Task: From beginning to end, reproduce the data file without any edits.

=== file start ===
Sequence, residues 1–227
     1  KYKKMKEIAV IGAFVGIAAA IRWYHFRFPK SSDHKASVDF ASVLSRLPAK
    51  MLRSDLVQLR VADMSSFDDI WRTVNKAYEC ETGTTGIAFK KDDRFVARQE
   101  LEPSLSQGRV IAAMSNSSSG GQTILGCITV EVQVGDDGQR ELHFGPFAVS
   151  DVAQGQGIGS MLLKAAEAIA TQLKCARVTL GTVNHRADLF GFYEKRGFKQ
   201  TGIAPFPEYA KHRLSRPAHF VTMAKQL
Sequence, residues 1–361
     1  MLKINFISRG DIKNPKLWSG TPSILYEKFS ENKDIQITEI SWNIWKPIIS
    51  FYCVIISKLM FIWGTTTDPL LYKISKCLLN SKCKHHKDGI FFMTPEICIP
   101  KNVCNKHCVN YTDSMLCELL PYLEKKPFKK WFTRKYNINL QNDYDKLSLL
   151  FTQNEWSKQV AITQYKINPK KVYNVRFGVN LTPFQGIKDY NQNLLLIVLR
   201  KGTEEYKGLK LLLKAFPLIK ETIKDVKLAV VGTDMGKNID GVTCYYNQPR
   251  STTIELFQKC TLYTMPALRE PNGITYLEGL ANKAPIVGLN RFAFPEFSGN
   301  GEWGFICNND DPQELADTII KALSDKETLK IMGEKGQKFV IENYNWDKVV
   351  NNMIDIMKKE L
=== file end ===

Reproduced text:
Sequence, residues 1–227
     1  KYKKMKEIAV IGAFVGIAAA IRWYHFRFPK SSDHKASVDF ASVLSRLPAK
    51  MLRSDLVQLR VADMSSFDDI WRTVNKAYEC ETGTTGIAFK KDDRFVARQE
   101  LEPSLSQGRV IAAMSNSSSG GQTILGCITV EVQVGDDGQR ELHFGPFAVS
   151  DVAQGQGIGS MLLKAAEAIA TQLKCARVTL GTVNHRADLF GFYEKRGFKQ
   201  TGIAPFPEYA KHRLSRPAHF VTMAKQL
Sequence, residues 1–361
     1  MLKINFISRG DIKNPKLWSG TPSILYEKFS ENKDIQITEI SWNIWKPIIS
    51  FYCVIISKLM FIWGTTTDPL LYKISKCLLN SKCKHHKDGI FFMTPEICIP
   101  KNVCNKHCVN YTDSMLCELL PYLEKKPFKK WFTRKYNINL QNDYDKLSLL
   151  FTQNEWSKQV AITQYKINPK KVYNVRFGVN LTPFQGIKDY NQNLLLIVLR
   201  KGTEEYKGLK LLLKAFPLIK ETIKDVKLAV VGTDMGKNID GVTCYYNQPR
   251  STTIELFQKC TLYTMPALRE PNGITYLEGL ANKAPIVGLN RFAFPEFSGN
   301  GEWGFICNND DPQELADTII KALSDKETLK IMGEKGQKFV IENYNWDKVV
   351  NNMIDIMKKE L